Elderflower Fields Family Festival, Review – Can it go …

Disclosure – family ticket provided for purpose of review, …

View Post

Review – Portsmouth Caen Ferry with Brittany Ferries

AD – hosted ferry trip provided for review purposes, …

View Post
Sitting on the lawn in the sunshine at Gites de la Richarderie

Super relaxing French family holiday in the Loire …

Hosted trip – accommodation provided by Gites de la …

View Post

Top Tips: Puy Du Fou, the French theme …

Hosted trip – we were provided with flights, accommodation, …

View Post

Llandudno to Conwy. Walking the Wales Coastal Path.

Castles, coastal paths, dunes, beach cafes, sweeping bays, …

View Post

Family Travel Guide: Swansea Bay, Gower and Mumbles, …

Hiraeth. (n.) a homesickness for a home to …

View Post

Coastal Adventures: Exploring the Stunning Yorkshire Coast

Would I like to share my favourite parts …

View Post

The Malverns: A Dog and Family Friendly Weekend …

From our ivy-framed hotel bay window Narnia style …

View Post

Bewilderwood – probably the best family adventure

This weekend we found Bewilderwood, just outside Norwich.  We had the best family day out we have ever had.


Bewilderwood adventure park is 50 acres of forest filled with zip wires, treehouses, climbing frames, dens, a maze, storytelling, boat trips and general magic. The Observer voted it one of the 50 best places to visit in the world. The best bit is nearly everything can be done as a family. All four of us were able to climb safely through the trees together, even my son who was 20 months.

None of those silly theme park situations where one child is 5cm too small for a ride so throws a huge tantrum. Wholesome outdoor family fun. And it is designed to have a very light environmental impact. What more do you need? My son is as fearless and nimble as a mountain goat.  This was his paradise. In fact we have become accustomed to parents using him as an example to chivvy their offspring:

‘Look that little boy isn’t scared!’ remarked a dad as he tried to cajoule his daughter across a rope bridge.

‘No’, I wanted to say, ‘He has no fear, but that in itself is utterly terrifying’.

My son of course wanted nothing to do with the mini toddler play areas.  But to be fair the design of the rope bridges makes it safe and achieveable even for someone as tiny as him.  He was so determined he even began to hit the older kids who tried to overtake him.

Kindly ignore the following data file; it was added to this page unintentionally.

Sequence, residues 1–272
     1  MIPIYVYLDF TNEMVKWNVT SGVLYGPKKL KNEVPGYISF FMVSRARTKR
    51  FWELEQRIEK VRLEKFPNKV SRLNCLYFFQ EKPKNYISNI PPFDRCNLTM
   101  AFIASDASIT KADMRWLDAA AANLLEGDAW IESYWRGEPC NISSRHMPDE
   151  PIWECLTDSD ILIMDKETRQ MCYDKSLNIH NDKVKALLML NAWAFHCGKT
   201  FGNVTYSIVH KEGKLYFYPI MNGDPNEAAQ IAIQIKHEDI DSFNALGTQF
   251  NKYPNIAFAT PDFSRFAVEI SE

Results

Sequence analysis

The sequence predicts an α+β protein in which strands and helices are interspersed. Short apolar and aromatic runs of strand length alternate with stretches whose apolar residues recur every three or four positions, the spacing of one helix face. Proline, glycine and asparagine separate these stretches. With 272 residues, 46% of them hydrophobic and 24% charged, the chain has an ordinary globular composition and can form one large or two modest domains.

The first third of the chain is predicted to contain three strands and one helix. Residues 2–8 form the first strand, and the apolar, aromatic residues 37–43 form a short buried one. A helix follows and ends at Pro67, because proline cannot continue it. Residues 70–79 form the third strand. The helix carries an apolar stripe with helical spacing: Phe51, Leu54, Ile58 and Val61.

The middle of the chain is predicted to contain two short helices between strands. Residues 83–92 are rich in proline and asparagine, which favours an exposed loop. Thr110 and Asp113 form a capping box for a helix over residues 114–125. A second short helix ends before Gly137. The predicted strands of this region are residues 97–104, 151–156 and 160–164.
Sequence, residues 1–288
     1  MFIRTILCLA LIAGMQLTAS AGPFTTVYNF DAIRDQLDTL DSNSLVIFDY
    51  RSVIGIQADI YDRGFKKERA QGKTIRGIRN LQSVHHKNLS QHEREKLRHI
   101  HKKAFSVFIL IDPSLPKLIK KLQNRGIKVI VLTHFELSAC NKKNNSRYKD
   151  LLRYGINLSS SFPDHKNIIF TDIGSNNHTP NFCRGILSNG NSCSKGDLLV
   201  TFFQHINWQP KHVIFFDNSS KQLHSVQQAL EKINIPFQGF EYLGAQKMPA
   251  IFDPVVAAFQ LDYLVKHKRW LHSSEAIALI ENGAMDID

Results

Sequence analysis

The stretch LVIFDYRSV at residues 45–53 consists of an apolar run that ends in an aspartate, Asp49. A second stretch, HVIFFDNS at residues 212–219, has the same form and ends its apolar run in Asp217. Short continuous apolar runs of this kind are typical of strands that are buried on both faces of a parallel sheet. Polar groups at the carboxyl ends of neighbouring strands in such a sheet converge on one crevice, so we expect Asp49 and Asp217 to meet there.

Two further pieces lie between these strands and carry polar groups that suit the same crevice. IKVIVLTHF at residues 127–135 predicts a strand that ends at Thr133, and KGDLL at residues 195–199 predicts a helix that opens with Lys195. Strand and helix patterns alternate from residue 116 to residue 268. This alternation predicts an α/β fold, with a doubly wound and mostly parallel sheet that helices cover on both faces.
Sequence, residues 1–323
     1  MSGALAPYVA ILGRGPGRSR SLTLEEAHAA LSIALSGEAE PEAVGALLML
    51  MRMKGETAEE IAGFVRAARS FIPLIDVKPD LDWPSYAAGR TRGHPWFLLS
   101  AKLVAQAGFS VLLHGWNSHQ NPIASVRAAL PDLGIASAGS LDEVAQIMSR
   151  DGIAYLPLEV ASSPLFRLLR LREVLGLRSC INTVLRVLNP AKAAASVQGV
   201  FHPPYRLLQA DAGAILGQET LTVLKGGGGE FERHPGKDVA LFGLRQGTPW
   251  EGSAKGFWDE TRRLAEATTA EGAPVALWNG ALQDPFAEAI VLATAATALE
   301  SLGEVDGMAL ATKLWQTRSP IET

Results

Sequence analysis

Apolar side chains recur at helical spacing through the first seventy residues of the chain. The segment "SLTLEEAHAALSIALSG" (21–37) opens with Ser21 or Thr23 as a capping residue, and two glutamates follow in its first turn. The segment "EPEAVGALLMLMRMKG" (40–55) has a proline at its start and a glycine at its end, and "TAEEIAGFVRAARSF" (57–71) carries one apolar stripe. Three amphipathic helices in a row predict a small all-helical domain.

I can’t tell you how magic it felt to be all experiencing the rope bridges, walkways and treehouses together as a family.  And it was only a little bit scary for adults.  At the highest point of our ascent I glanced down and was reminded of a collumn I read recently, by Tim Dowling, about his phobia about his kids being loose in high places which I can relate to.  I also remembered my OH going very pale coming down from a very high tower in Prague.

‘Have you looked down’ I ventured gently to my OH.


‘And you’re okay with it?’


Huge relief, couldn’t have carried two kids and a husband, whereas guiding one kid each was lovely.  We also forgot the pushchair which was very liberating.  Just the four of us and a rucksack running here there and everywhere without having to continually repark the old Maclaren.   My son got so much more out of the day for being free.

I was totally bewitched by the storytelling element.  Bewilderwood was created by local author Tom Blofeld and as you enter the forest there are lovely touches like tiny socks hanging in the trees and minature houses belonging to the creatures who inhabit the wood, the Twiggles.  The Borrowers was my favourite book as a child so this little world captured my imagination instantly.   The storytelling continues with book extracts on plaques near each section of the park  which we we enjoyed sharing with my daughter.

She loved pretending to be Dora and Diego crossing rope bridges.  She enjoyed hunting down coloured wooden butterflies hidden around the park in order to win a prize at the end of the day.  The interactive storytelling sessions had her hooked too and she was up on stage in seconds helping to tell a story.

Bewilderwood even has an area of woodland designed for den building.  Lots of competitive dad behaviour being exhibited in this area.  As soon as one family bid farewell to their creation, a swarm of dads descended in order to collect enough sticks to make their den truly monumental.  Ours was no exception.  Well, considering we have two little children with small attention spans and limited log carrying capacity, it was an achievement.

We caught the boat back to the car park, the only thing we had to queue for.  But worth it as my son learnt a new word and entertained us shouting ‘boat’ every time one came in sight and my daughter made up stories about the crocodile in the lake.  And my OH and I had time to reflect on a really meaningful day out.  Something shifted for us at Bewilderwood.  Time slowed down and we caught this magical glimpse of where our kids are now and where family life is heading next.  Let the story continue…

Top tips – Buy the books before hand to really fire children’s imaginations on your visit.  Food is good and wholesome fare but picnic spots are also lovely.  Save the boat trip for the journey back to the carpark when everyone’s tired. Play as a family!  Bewilderwood


  1. 21/09/2010 / 4:42 pm

    This looks fantastic, thanks for the tip! We’re not too far from Norwich, and this’ll certainly be on our itinerary next time we’re in Norfolk.

    • MayBee
      21/09/2010 / 8:51 pm

      It really is unique. One of those places that are magical for grown ups too. Opening is restricted out of season so check the website (and the weather forecast!)

  2. Pingback: phd thesis writing
  3. Pingback: generic for cialis
  4. Pingback: Remeron
  5. Pingback: viagra

I'd love to know your thoughts!